Former Brethren allege high rate of abuse in New Zealand
Four out of ten former Exclusive Brethrens who responded to a study looking at traumatic experiences growing up in the sect say they were sexually abused as children in New Zealand.
The study, carried out by a former Brethren, found 18 of 44 participants claimed they had been sexually abused as children.
The figure was significantly higher than the worldwide average, which found around 27 per cent claimed they had suffered child sex abuse.
It's the first piece of academic research into allegations of abuse suffered by members of the church.
Researcher Jill Mytton, from the United Kingdom, believes levels of child sexual abuse in the former member population are much higher than in the general population.
"That appears to be particularly high in New Zealand though, and this warrants further investigation."
Mytton said she could not be sure who the abusers were in every case, but those who had spoken to her said that their abusers were members of the Brethren.
Mytton said said she came under attack by the Brethren and her study was suddenly cancelled by her UK-based university after the Brethren made legal threats.
"I was in the process of finding out about that when legal action by the Brethren halted the research. The university who were hosting the research pulled the plug I assume because they feared a lawsuit."
The Brethren commissioned three academics, professors from the University College London and Warwick University, who severely criticised Mytton's research.
In a statement, church spokesman Doug Watt said: "Jill Mytton's research has been widely discredited and she has a personal vendetta against the Plymouth Brethren Christian Church.
"The church, like all other decent individuals and organisations, is appalled with sexual assault of any sort. Where we discover such incidents we have and will continue to take appropriate action."
Fairfax has spoken to three former Exclusive Brethrens members who say they experienced child sexual abuse. None had taken their cases to the police, and each said they had felt powerless to confront their abusers, who they claim were family members or elders within the church.
One woman, who now helps other Brethren who are trying to leave the church, said she was "dreadfully abused" as a child.
"I ran away from home and I tried to kill myself and I still see people coming out who have suffered years and years of abuse. Every other church has safeguarding. I have had young girls in my home who have been dreadfully abused and have been alcoholics in their early 20s."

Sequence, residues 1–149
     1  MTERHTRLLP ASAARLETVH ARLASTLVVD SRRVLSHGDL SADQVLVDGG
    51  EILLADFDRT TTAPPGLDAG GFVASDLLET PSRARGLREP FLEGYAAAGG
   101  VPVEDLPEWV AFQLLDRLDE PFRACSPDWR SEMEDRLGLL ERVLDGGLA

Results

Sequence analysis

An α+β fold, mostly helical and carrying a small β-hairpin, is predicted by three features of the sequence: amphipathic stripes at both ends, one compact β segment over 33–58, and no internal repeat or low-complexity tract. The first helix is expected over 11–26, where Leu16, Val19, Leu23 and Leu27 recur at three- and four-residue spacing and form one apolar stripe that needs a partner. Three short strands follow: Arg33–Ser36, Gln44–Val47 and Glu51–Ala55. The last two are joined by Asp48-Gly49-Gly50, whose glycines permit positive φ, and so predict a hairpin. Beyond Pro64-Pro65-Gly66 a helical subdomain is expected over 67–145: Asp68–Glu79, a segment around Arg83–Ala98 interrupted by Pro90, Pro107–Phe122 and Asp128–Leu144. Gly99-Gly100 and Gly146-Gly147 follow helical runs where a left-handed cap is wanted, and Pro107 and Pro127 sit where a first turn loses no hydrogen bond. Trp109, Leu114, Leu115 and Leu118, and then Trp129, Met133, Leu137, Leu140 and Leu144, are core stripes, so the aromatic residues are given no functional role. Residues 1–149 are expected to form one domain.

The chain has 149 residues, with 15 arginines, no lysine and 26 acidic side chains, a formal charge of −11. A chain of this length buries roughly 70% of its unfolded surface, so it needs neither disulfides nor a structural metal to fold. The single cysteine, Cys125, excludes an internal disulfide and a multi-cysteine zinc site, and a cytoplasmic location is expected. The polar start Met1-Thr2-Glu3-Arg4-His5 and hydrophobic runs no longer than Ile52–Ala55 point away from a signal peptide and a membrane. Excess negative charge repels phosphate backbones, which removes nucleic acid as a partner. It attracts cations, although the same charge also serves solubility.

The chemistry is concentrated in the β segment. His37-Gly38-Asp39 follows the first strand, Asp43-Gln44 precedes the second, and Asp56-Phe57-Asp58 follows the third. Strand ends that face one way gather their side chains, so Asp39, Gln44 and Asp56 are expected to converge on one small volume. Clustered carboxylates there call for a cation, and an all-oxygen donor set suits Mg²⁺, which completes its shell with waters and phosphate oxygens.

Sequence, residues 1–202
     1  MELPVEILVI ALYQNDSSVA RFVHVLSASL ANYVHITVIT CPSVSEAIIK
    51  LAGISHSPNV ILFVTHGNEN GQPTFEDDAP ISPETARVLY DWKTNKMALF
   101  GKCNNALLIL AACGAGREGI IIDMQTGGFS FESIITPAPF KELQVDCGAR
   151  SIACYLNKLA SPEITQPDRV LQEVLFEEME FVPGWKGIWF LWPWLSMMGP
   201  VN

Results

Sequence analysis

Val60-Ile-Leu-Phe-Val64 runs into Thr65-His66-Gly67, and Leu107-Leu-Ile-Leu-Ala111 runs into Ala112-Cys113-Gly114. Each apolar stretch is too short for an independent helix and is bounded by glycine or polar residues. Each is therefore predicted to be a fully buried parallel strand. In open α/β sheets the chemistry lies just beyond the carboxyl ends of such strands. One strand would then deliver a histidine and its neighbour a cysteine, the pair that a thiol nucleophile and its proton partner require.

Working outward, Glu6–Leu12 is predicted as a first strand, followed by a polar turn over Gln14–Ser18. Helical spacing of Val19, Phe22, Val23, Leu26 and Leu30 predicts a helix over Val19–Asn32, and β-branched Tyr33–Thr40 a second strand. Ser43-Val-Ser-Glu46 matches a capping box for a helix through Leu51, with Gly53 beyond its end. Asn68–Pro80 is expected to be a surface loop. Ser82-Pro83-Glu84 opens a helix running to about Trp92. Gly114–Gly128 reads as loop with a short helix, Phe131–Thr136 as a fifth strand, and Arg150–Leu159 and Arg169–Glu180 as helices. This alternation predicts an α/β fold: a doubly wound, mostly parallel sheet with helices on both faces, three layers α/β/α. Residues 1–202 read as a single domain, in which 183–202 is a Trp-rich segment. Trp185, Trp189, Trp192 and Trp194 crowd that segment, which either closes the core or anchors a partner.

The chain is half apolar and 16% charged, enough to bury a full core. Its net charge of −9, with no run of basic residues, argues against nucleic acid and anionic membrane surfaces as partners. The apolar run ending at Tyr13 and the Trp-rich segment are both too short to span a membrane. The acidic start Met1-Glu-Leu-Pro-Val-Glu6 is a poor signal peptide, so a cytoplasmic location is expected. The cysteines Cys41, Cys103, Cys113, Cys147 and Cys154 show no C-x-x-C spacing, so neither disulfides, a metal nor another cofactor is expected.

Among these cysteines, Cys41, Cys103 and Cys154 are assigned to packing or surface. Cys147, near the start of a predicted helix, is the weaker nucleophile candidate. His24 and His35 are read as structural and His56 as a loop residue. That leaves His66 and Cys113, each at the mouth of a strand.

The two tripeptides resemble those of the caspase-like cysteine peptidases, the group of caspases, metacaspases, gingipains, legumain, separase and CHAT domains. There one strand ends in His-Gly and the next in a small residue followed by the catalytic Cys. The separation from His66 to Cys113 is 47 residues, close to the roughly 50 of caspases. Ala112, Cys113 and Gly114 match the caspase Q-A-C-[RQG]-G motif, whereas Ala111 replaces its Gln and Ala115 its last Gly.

After high profile sex abuse cases against senior Brethren members in 2009, the church promised to introduce a new code of care for complainants.
Requests this month for a copy of the code of care or any information about how the Brethren treats alleged victims of sexual abuse were refused.
Jill Mytton said her research had found Brethren who left the sect showed higher levels of psychological distress that the general population including depression, anxiety, post traumatic stress symptoms, and interpersonal problems.
A former Exclusive Brethren member has described feeling 'violated' by two sect leaders who were investigating allegations of sexual impropriety by an older Brethren member.
The woman said as a 16-year-old girl she was taken to a room and questioned by two sect leaders, or 'priestlies' as they were known.
She says the treatment by church elders was worse than the experience itself.
"I look back and I go that is an incredible violation. If you're vulnerable, it's an incredibly vulnerable position to be put into."
The woman said she had already begun to question Brethren teachings, for which she was subjected to extreme psychological abuse by church elders.
She says she was told: "you're mental, you're evil, you're possessed."
"It's spiritual abuse. It's appealing to the highest power that people can believe in. Twisting of scripture to force submission of women."
The woman said she met the Exclusive Brethren world leader Bruce Hales as a teenager, at a time when she was already doubting it's teachings.
She was particularly nervous, as she'd been taught in Brethren folklore that Hales could read minds.
"I was looking at him thinking he's a lying, conniving emperor with no clothes on. He just looked at me with the same greasy smile that he looked at everyone. Clearly he didn't have a clue what was going on in my mind."
She was excommunicated at age 21.
"It was a bit like jumping out of a plane into a big black hole."
Still in her 20s, she's now managed to establish a career and found a partner, and says she has says has been able to fulfil many of her life wishes since leaving the sect.
"It's wonderful to be free of that control and to be able to grow as a person the way that I believe I was meant to be."
But she is torn by never being able to see her family again.
"I'd love to see them free, there are amazing men and women in there -full of talent and potential. One of the most horrible things they're doing is to restrict people from being all that they can be. In all seriousness there are so many amazing men and women.
"They're not enjoying it and yet they can't conceive of another way of life. They don't know how to break down the fear."
SEX ABUSE CASES
* Clive Allen Petrie, 74, of Nelson, was found guilty in 2009 of nine charges of indecent assault, as well as inducing a girl under 12 to perform an indecent act.
* William David McLean, 44, of Levin, was jailed for three years in 2012 for raping a woman over an 11-year period.
* Fairfax is aware of three other recent or pending criminal sex abuse cases against former or current Brethren members.
- Sunday Star Times